I talk a lot about all of the pieces of taking care of your health that have nothing to do with calories and cardio; like learning how to take it easy and receive and why it’s a good thing when your iPhone winds up in the toilet. I do this because if you don’t free yourself from the emotional blocks that keep you shackled to the suckfest of self destructive behavior, diets and exercise plans are just crappy band-aids that won’t work.
I know, though, that sometimes you need something a little more tangible than “Love yourself!” and “Practice great self care!” on the road to releasing the glowing, healthy woman that I know you’ve got inside. This is a big part of why I include recipes on the blog, to take this whole pie-in the-sky stuff back down to Earth and give you something real you can hold in your hands that will feel good when you eat it.
Let’s take it even further than recipes today, shall we? Let’s talk about how you can stop relating to food like that toxic girl you know who always flirts with your boyfriend and makes passive aggressive digs about your hair, and instead turn it into your sweet friend who always tells you you’re not crazy and makes you feel like you can take on the world. I know that the food and eating psychology path can be murky, so I’m gonna un-murk it with concrete practices that have you enjoying food like all those freaks you know who don’t always clean their plates and actually feel satisfied after a few bites of dessert.
Learn to cook
Though I’ve been on this journey for a long long time now, the way I relate to the food I eat changed drastically once Jonny and I got together. Cooking went from something I sort of knew how to do-ish, to a deeply beloved hobby and a way to express love to my special people… including myself!
When I used to binge eat, it was never on an elaborate meal that I’d lovingly prepared. Sometimes I’d overeat on those things because they were so good, sure; but I’d never secretly stuff myself sick. Whenever I did that, it was always on packaged crap; whatever I could get my hands on at a convenience store late at night.
For this reason, I highly recommend becoming a kitchen-loving gal as a path to healing. The food you’ve spent time chopping and sauteeing and mixing will just not be as appealing to blindly eat at breakneck speed. Preparing your own food is so constructive and satisfying that it just doesn’t align with getting whatever you can down your gullet. Also, compulsive overeating is so frantic and addictive – it’s about the urge to numb what you’re feeling immediately. In the process of food preparation, you automatically give yourself time to think and feel, which puts a buffer between you and that addictive urge.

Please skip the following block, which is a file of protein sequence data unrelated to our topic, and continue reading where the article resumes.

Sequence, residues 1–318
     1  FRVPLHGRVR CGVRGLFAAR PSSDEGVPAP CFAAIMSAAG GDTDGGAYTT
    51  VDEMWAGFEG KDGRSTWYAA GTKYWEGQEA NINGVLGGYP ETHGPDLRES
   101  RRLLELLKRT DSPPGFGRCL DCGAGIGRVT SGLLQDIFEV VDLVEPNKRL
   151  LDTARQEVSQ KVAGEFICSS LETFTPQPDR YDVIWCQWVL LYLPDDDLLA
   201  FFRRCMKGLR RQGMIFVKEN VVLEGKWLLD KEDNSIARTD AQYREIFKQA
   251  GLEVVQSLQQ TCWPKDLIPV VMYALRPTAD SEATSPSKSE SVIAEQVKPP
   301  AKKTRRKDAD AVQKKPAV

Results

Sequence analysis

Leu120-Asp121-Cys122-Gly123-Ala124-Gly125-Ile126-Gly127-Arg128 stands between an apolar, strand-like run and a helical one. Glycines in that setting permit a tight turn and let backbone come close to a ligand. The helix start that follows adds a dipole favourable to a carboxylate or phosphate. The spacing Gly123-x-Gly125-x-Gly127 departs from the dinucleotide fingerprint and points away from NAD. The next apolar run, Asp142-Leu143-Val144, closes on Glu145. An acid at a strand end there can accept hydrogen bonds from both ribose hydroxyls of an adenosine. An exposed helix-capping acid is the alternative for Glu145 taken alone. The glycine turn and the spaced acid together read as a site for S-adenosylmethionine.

On a more practical level (not that food or emotional issues are logical in the slightest), you won’t want to waste all your hard work by polishing it off in one shot, without taking the time to savor it or share it with someone else.
Get your food from a source you respect
Jonny and I recently joined a CSA. Do you know about CSAs? If not, learn more about them here. While I’m asking you questions, have you seen Food, Inc? If not, get it here, and get ready to be blown away by all the bullshit in the American food system and experience a total shift in the way you think about the food you eat.
Anyway, back to our CSA. We get our weekly veggie share from Golden Earthworm farm on Long Island and I am so amazed by how different it feels than just picking up whatever at the grocery store. Eating food that is seasonal, organic, and helps support a local farmer rather than some bloated, maniacal corporation that cares nothing about nourishing my health and everything about feeding their own greed has connected me to my food in a whole new way. As I eat food that the Earth was ready to produce based on the time of year, it’s much easier to connect to my own healthy intuition, which always knows when to eat and how much without thinking about it.
The fact that a farmer who I’ve met pulled my food from the ground recently makes me want to respect and honor it, find delicious ways to prepare it, and eat it in moderate quantities rather than giant heaps.
Learn what satisfies you
This part is really fun! We’ve all got our sweet spot in terms of combinations of flavors and textures that really do it for us. Once you figure out what yours is, you can figure out healthy ways to indulge those cravings. I’m not talking about a bunch of nasty faux foods that taste like styrofoam-infused versions of their counterparts, I mean nutritious foods that contain the same flavor profile and truly satisfy you.
For example, I love:
- Sweet and salty combinations – like Miso Honey Glazed Fish
- Creamy foods - like Creamy Avocado Pasta with Shrimp, Coconut Shrimp Millet, and Goat Cheese Quinoa with Sun-Dried Tomatoes and Zucchini
- Starchy foods – mashed cauliflower usually does the trick. To prepare, just boil the living hell out of some cauliflower and throw it in the food processor with your favorite mashed potato trimmings.
I’ve also found it incredibly worthwhile to invest in some high quality condiments. Right now we have black truffle oil and lavender balsamic vinegar in our kitchen, which cost enough to make my frugal self break out in hives but my food-and-health-loving self knows that a little bit goes a long way with these high end goodies in terms of flavor and the treat yo’ self factor.
Deprivation is NOT the answer. You are so worth taking the time to understand your preferences and finding feel-good ways to honor them.
You can do this!
Whenever you’re ready, you can change the way you connect to food from something that makes you feel guilty and gross into the thing that strengthens and nourishes you so you can live your life. Next time, I’ve got some awesome recipes for you that fit into everything I’ve talked about in this post… so you have some good stuff to eat on your way!